Netflix jumped into live entertainment last year with a Stranger Things drive-in show. The show opened in downtown Los Angeles and was a makeshift fictional town of Hawkins, Indiana, in 1985. The actor played one of the monsters from the series when he expressed concern about the risk of COVID-19 and carbon monoxide to management. When his concerns were not taken seriously by the production company Secret Cinema and Empyrean Production Services, he filed a complaint with the California Occupational Safety and Health Administration. “Eventually, Hearl says, his employment was terminated. He now claims his firing runs afoul of California’s Whistleblower Retaliation statutes, which protects employees from retaliation after reporting legal violations to authorities.”
Netflix’s comment came through the production company they contracted to host the drive-in show, “The safety of fans and our team members has remained the highest priority since the inception of the Stranger Things Drive Into Experience. There are robust measures in place to protect the health and well-being of everyone on-site, and we’re proud that these protocols have resulted in an excellent safety record.”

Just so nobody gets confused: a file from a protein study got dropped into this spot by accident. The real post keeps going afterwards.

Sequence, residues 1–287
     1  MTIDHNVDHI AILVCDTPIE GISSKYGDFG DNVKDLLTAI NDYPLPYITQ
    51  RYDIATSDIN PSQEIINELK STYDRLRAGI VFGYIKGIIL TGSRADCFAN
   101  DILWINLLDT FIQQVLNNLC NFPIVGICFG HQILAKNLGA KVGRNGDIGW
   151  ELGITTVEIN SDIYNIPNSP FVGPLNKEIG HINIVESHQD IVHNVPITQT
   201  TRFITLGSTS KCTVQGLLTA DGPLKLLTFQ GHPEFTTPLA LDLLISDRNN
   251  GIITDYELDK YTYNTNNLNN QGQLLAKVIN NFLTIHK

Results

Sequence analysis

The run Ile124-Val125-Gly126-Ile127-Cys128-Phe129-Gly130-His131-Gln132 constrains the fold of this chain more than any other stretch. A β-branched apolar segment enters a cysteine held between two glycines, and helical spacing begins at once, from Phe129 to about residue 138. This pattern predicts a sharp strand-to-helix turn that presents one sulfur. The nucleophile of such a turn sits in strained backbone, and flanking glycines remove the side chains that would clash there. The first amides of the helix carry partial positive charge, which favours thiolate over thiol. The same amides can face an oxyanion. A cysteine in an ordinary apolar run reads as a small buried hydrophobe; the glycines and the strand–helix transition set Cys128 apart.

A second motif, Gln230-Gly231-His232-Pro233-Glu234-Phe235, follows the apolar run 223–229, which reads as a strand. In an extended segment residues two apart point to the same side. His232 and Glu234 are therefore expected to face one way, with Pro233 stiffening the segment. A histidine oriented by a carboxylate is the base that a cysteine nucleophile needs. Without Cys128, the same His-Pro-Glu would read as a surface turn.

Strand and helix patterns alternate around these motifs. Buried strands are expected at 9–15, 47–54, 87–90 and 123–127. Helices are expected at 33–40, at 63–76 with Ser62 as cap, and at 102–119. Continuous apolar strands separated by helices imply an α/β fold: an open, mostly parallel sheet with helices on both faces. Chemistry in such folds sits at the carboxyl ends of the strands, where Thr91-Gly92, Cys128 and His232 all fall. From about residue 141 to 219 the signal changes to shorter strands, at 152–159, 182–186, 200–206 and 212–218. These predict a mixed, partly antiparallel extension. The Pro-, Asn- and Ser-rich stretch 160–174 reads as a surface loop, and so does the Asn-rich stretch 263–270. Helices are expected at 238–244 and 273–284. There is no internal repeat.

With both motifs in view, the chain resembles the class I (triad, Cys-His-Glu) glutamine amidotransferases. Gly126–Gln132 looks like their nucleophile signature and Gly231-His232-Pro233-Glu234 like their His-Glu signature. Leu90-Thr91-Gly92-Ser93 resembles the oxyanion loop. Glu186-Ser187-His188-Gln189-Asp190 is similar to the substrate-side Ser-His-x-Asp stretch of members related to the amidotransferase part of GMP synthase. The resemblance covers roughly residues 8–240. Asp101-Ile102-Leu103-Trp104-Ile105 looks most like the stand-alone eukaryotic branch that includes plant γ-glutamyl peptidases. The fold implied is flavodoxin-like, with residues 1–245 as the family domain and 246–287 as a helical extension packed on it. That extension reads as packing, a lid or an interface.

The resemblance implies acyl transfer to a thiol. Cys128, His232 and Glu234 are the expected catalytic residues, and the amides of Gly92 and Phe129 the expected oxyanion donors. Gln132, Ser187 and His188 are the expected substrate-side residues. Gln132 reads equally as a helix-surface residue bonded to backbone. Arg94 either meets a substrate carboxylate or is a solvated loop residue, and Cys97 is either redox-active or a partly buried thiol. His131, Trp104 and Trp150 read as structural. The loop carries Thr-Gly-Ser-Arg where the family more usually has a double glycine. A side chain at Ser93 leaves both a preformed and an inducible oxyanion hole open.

Disclaimer: Please note that the information contained within this news post and site is offered simply as a consideration to visitors who are in the entertainment industry and are seeking to learn more about various areas of entertainment, be it in film, movies, television, music, digital, new media, film financing, merchandising and/or branding. As such, the information so provided should never be construed as legal advice. If you need further assistance or legal advice for your specific matter, please do not hesitate in contacting an entertainment attorney (film, music, digital, licensing, financing) here in Los Angeles, California at The Hollywood Lawyer by(1) emailing us at firstname.lastname@example.org; (2) calling us at (323) 300-4184; or (3) filling out our online form.